The following need to be defined: Physical security

A Physical Security policy document should exist detailing the measures taken to protect buildings as regards disasters (flooding, fire, earthquakes, explosions, power outage), theft, access control, safes, computer rooms & wiring cabinets. (see also Physical Security chapter).

Zone 1: Areas open to the public.
Zone 2: Areas not open to the public, open to company staff.
Zone 3: Protected areas. Only accessible with identification, access strictly controlled. Access Control Logon Policy

Basic principle: Give a User the minimum privileges for the shortest time necessary to do their work. Assurance Accountability and Audit Reliability of Service

Backup & Restore Policy

Change Management (sw/hw installations or updates)

6.4.2 Network Policy

Transmitting information between computers can pose a significant threat to security. Network / Distributed Systems Policy

  1. Assurance: Network configuration shall be documented.
  2. Identification and Authentication:
  3. Accountability and Audit
  4. Access Control
  5. Accuracy: Important network nodes should check the integrity of their data regularly.
  6. Data Exchange:
  7. Reliability of Service / Availability

Remote Access Policy: external network interfaces
Networks (X.25, Dial-up, Internet, Vendor networks, Telephone networks, Customer networks etc.) shall not be interconnected if it results in breach of the security policy. Access to external networks must occur over a Firewall. The Firewall must have a security policy and be regularly monitor and audited. Dial-in access

All incoming Dialup connections (via PSTN or ISDN) should use a strong one-time password authentication system (such as SecurID). S

Dial-in access to the corporate network should only be allowed where necessary and where the following conditions are met:

  1. Assurance
  2. Identification and Authentication
  3. Accountability and audit
  4. Access Control
  5. Accuracy: no requirements.
  6. Data Exchange
  7. Reliability of Service
    1. Dial-up servers shall have all unnecessary services stopped.
    2. Dial-up servers shall be a robust multitasking machines (e.g. UNIX, VAX or NT).
    3. Dial-up servers shall offer the following availability: => 7x24h, maximum downtime 4 hours (during office hours), maximum frequency twice per month. Maintenance window: Wednesday evening after office hours.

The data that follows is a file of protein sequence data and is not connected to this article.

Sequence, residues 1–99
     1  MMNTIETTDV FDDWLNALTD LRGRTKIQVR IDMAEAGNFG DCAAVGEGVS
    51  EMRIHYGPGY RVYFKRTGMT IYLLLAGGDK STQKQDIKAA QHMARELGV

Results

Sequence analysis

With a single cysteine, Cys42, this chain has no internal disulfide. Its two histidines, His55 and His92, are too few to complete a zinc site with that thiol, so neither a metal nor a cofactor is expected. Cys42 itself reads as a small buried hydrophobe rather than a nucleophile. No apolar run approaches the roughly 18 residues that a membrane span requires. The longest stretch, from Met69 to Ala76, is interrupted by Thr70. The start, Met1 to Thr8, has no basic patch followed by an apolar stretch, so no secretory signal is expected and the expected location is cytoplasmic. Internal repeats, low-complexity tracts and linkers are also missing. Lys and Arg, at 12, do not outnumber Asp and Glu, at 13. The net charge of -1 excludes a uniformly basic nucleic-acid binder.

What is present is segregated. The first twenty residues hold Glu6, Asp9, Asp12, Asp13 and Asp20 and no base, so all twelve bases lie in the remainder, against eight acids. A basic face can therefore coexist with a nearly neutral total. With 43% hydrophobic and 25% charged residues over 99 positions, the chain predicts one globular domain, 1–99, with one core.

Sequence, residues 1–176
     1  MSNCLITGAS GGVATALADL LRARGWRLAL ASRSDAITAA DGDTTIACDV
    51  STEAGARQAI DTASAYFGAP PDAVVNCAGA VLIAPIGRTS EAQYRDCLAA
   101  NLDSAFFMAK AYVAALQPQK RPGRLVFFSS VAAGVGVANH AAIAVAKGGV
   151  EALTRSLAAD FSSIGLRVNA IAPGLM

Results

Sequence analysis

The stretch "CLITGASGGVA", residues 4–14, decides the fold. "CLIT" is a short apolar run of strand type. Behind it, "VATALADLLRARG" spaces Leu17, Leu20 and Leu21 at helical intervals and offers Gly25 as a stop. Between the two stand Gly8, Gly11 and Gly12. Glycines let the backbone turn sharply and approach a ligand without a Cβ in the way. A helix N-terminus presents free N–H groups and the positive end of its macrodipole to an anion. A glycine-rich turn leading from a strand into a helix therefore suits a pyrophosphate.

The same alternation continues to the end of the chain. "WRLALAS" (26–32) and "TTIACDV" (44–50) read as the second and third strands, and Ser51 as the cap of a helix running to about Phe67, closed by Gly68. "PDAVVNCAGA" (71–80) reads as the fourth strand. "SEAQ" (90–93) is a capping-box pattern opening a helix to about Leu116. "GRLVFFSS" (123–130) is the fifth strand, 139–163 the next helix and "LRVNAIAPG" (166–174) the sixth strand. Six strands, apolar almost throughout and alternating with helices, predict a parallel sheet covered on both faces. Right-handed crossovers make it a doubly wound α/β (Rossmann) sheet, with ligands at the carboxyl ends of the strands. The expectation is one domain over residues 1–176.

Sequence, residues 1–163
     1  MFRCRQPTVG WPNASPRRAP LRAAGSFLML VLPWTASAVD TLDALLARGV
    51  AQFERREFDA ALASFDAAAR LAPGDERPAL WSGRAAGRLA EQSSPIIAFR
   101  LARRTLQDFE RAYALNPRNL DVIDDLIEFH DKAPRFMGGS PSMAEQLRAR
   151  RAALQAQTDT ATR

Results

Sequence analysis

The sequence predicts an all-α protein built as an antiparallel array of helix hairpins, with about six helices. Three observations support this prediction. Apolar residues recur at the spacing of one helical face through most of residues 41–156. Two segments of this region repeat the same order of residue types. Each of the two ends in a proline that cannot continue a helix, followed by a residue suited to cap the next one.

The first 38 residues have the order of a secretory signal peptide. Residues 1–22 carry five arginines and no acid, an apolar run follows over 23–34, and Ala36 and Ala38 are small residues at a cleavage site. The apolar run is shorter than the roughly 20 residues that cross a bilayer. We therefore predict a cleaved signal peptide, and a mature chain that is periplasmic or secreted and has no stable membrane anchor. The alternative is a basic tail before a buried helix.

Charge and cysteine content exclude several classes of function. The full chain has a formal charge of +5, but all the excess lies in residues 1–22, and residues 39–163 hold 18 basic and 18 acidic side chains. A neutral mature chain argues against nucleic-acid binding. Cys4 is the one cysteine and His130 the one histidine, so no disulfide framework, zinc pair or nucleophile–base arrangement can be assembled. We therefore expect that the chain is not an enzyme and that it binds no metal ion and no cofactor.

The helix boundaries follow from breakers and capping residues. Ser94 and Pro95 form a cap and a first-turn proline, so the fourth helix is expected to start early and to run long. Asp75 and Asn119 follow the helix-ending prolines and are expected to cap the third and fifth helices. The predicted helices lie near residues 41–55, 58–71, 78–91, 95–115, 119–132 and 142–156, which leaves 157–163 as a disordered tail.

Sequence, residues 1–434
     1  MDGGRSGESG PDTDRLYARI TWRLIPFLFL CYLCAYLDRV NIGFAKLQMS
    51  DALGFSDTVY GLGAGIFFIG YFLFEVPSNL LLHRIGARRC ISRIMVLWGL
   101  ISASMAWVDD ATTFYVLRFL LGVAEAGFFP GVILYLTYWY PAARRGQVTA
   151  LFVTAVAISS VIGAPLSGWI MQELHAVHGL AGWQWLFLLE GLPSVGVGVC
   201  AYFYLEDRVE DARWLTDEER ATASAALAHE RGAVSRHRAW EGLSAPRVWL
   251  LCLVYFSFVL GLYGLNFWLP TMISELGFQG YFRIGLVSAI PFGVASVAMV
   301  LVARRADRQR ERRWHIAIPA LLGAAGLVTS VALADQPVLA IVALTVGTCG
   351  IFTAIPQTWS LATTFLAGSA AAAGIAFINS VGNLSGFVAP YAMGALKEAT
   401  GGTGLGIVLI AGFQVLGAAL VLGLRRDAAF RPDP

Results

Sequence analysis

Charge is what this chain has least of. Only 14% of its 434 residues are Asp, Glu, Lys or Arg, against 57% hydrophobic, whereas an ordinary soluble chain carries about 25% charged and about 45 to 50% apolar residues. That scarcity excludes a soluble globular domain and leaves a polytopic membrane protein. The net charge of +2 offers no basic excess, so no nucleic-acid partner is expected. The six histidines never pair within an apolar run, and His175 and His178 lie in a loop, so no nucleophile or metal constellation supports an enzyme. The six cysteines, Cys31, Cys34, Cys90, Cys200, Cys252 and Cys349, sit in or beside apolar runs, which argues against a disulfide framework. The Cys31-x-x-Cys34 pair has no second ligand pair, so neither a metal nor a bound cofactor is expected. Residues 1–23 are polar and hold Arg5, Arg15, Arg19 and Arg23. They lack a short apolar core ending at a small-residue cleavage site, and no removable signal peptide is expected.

4. Change management: Updates and configuration changes shall be logged and carried out according to Quality processes..
    5. Alerts should be raised if important processes crash.
    6. Regular backups shall be made where necessary. Dial-out (PSTN/ ISDN)

Dial-out network connections can extend the corporate network, creating uncontrolled points of access to the network.

  1. Users shall not use dial-out capability (modems) on their machines.
  2. If such functionality is required, it shall: Internet Firewall

The Internet is often an important tool for sharing and searching information, especially in a research environment. All Internet access from the corporate network must occur via a Firewall.

  1. Assurance
  2. Identification and Authentication
  3. Accountability and audit
  4. Access Control
  5. Accuracy: The firewall machines shall have the integrity of their files regularly (every month) checked.
  6. Data Exchange
  7. Reliability of Service Interfaces to other networks

Likewise interfaces to other networks (SNA, Decnet, X.25, ATM etc.) required a clear policy.

Interfaces to customer/vendor networks
Access from customer or vendor sites to the corporate networks are more and more common.

Telephone networks
Phone, Fax and Voicemail systems and networks are frequent penetration points for attackers. If these system have features accessible from the outside, a policy is required to prevent abuse. Incident Response Procedure

This procedure should detail which actions should be taken in case of a security incident on the Firewall. The Firewall is designed to protect the corporate network from unauthorised Internet access. It is regularly monitored for security breaches. When a breach is detected, one must know how to react. That is the aim of this procedure. The reaction to an incident aims to protect and restore the normal operating condition of computers, services and information

Even with a solid security policy, educated users and solid system administration, an emergency response team is useful. Plan for a disaster!

Incident Response Team
The principal roles are indicated in italics below. For each role a backup person should be available.